Tuesday, 10 March 2015

The Object is not Accesible. Performance, Access, Lisette's Tenderness, Amy De'Ath.

Two of the worst performances we've done were both done in
a state of heavy intoxication, and because of that losing
the ability to read at all or to see the words on the paper or
to stop them wiggling about and to demand of an audience
that they just, you know, fuck off and die or that they kill
in a part of themselves that which is easily preventable. One
was in Cambridge and the other in the Concorde Two.

I'm not proud of moments like that; not from some moralistic viewpoint, not because it is unprofessional. Professionalism is shame. No, because they become points of no access in exactly the wrong way. Think about how poems are actually barricades of bliss stuck in alienation, capturing the pan-optic with the ability to look back, forward, inside, outside all at once. Then ruin it. That's what it feels like. The only useful thing I said was 'fuck all competition forever' which doesn't feel great in your mouth,, and saying 'fuck' something or other feels more and more tired and offensive. Offensive. Not tired. Everyday.


Being subject
to the whims
of the others
                       with their object-i-flatten
          reeling & stooped
in bad
           loops / revolting. 

           this feels
as if relayed
                     horrible; unjustly
so removing
the scud
the bee / i-bee,, this

removal, to this lucky
summer, swinging over hump
to tree
             to grass bed
         as if tragic
object-vee-used out
where sisterhood
                             sloped i-to
dream scrap,, & sit there
lapped & lucky, long
but shadowed
                        ochre,, rest if
needs be
            sister, travail
not not unconvinced
a shell in twist

* ********************************************************************************

Poetry for Boys

I've been re-reading Amy De'Ath's Erec & Enide (Salt) recently, especially the sequence Poetry for Boys. There's a collosal tenderness here. What do we mean by tenderness. Tenderness is a near-impossible revolutionary approach, impossible because it is very difficult to maintain. We require ourselves to constantly examine the material of subjectivity - to comprehend faithfully and to realise the total order / structure of relations at play in any interaction. When we are speaking to a 'this' we ask ourselves to disallow the language of categorisation - 'this' can no longer be our relational tendency. Poetry for Boys omits a tenderness like this. One that is troubled, romantic, pastoral, opposing and musical. Is intensity ever stable? "That the joy will soon come and make you suffer!" - an epigraph, a warning, a spell. The sequence is full of contradicting invocations 'lay low' but in language, in pastoral language, 'in the words of the wood', subtlety not naturally forming immunity. The first poem in the set is a musical anacrusis for the rest. These are poems that split your gender perfections up, drop them back into your throat. Vocalisations of worlds impossible, privileges uncatalogued: 'if I had the money to dip in being a boy / If I was Anna O., & fallen into autism or / steeped in prelingual glimpses of Lena's face, / I'd be living system: looped in my own elements. // A system closing talking only to itself.'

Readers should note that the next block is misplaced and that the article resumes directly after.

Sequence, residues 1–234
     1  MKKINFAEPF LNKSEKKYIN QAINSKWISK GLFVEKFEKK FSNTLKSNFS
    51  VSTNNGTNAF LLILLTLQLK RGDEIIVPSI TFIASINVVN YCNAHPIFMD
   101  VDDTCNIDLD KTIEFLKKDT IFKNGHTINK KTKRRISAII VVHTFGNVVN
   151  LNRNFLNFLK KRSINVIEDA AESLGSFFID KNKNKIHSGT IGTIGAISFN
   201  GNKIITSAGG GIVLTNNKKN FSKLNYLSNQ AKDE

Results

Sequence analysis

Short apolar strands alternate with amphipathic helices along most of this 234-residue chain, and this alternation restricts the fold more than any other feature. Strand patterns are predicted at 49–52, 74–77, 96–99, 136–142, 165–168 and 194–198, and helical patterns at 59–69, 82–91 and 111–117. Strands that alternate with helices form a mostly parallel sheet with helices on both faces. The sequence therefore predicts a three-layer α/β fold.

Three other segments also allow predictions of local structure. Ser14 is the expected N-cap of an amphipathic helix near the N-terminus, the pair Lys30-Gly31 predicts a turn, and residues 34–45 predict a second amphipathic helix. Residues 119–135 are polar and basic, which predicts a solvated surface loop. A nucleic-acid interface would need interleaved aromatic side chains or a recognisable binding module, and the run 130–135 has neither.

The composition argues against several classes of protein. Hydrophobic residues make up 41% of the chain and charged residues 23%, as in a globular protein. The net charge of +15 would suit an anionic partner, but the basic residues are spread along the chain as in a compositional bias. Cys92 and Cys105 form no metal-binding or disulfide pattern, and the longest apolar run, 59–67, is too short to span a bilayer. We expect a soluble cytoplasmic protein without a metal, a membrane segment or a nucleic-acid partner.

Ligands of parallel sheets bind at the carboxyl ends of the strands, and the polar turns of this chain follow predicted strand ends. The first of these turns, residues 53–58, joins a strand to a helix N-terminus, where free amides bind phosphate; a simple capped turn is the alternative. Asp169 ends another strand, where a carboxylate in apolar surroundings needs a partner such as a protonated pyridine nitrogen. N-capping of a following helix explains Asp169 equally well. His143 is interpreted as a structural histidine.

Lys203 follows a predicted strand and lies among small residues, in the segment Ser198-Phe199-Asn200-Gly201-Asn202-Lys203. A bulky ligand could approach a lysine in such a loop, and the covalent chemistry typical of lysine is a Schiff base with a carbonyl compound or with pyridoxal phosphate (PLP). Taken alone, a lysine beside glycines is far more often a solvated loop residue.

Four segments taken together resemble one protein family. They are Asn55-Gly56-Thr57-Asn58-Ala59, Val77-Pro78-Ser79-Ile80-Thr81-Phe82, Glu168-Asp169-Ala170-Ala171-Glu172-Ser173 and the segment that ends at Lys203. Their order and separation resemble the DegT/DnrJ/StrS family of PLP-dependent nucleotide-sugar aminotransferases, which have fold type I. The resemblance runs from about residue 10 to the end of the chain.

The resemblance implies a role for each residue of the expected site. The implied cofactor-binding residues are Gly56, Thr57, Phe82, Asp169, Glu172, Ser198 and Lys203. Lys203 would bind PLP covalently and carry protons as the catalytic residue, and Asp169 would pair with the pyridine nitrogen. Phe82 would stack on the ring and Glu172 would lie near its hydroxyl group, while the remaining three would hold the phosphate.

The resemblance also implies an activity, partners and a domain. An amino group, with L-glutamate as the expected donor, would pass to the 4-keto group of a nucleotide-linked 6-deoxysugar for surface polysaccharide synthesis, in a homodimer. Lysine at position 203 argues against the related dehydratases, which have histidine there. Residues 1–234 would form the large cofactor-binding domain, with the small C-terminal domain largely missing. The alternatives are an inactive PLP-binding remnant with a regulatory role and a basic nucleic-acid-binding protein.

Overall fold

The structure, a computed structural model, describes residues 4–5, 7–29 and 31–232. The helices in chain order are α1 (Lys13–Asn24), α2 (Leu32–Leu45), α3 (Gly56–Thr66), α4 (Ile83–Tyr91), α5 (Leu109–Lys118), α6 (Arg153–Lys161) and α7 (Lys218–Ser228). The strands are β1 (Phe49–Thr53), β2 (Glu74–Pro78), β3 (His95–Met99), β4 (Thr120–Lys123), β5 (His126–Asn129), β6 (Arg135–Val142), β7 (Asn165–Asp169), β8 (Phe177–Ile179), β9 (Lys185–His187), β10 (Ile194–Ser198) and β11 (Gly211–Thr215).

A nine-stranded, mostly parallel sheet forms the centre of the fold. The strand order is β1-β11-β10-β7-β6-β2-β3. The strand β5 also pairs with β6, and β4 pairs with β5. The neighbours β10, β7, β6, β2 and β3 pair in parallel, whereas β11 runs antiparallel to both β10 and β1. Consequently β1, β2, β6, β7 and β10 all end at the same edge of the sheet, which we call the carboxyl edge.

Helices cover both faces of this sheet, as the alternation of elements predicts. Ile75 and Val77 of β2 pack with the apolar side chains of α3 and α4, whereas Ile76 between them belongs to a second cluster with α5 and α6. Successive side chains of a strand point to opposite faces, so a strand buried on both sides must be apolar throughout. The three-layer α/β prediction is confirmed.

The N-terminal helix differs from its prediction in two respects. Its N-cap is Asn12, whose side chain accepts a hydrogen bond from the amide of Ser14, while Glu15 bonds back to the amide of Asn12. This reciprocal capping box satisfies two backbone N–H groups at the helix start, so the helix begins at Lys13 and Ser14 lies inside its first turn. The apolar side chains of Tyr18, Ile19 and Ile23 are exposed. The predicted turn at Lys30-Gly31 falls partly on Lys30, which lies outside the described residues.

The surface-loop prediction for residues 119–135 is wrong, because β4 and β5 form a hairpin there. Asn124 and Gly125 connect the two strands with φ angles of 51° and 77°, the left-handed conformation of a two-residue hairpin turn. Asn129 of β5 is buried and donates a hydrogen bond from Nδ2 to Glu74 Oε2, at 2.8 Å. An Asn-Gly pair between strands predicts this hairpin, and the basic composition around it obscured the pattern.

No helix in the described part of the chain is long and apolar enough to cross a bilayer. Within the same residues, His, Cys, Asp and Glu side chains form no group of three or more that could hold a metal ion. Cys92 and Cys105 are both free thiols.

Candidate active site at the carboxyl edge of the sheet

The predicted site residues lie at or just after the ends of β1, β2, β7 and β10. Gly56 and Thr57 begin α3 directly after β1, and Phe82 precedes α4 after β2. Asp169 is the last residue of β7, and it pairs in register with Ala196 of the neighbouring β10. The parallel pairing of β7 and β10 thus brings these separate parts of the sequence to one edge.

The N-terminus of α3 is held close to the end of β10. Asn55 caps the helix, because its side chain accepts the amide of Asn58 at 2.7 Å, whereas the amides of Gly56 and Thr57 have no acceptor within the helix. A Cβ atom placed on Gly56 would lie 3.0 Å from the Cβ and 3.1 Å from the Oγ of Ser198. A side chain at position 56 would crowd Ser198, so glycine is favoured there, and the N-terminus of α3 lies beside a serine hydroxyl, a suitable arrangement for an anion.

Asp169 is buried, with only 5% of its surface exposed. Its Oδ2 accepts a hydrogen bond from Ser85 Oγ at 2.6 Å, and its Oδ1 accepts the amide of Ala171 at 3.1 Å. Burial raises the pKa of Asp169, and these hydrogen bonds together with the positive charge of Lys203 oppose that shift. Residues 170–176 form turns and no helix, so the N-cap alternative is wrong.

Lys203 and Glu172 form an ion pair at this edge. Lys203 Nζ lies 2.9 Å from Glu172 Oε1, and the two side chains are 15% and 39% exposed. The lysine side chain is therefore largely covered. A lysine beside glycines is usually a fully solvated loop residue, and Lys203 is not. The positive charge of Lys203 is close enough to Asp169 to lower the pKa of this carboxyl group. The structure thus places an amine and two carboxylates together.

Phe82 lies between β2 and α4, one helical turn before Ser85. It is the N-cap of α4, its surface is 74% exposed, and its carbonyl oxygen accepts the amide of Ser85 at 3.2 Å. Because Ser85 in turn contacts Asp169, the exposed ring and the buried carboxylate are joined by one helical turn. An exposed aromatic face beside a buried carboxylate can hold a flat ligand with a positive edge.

Seriously beautiful work isn't easy. I feel like perhaps it gets overlooked. Configuring identity is rarely simple despite beauty and fear - to ask oneself with tenderness to ones own subjectivity where your system is closing and who is it talking to - what elements does it loop in, and where do they stick to make the subject sitting here (there) now?

From Francesca Lisette:

'So, I’m interested in the genius of the space that hovers below identity, solidarity and ego. In reaching for an affective politics, I ask that we make ourselves sociologically weaker – that is, in the terms of Keston’s paper at Militant Poetics, MORE emotional, more supposedly FEMININE – and that everybody does this. I’m interested in intersubjectivity, in what we might mean or do to each other beyond our socially accrued markers, in the weirdness of being humans at this time now, in how we can be kinder to each other. I like to call this form of praxis ‘revolutionary tenderness’.'

- What I Want: A Manifesto for Revolutionary Tenderness. Francesca Lisette.

I'm still trying to work out how we make a revolutionary tenderness and even more how we maintain one. I worry about strategies. You know I do. And I think Francesca does too. I think her address of the new power structures built up by 'rightness' (in language etc) are essential. Identity politics like Anarchism and Marxism very quickly falls into this glut of assembly from disassembly. New workfares. New racisms. New social phobias. Academic. But perhaps we need to be tender towards that tendency too. As in understand it as the composition of subjects (us) desperate to struggle. Understand it and act on it in compassion and love. Work into our language structures ears as well as mouths and brains. More later. Your sister. 


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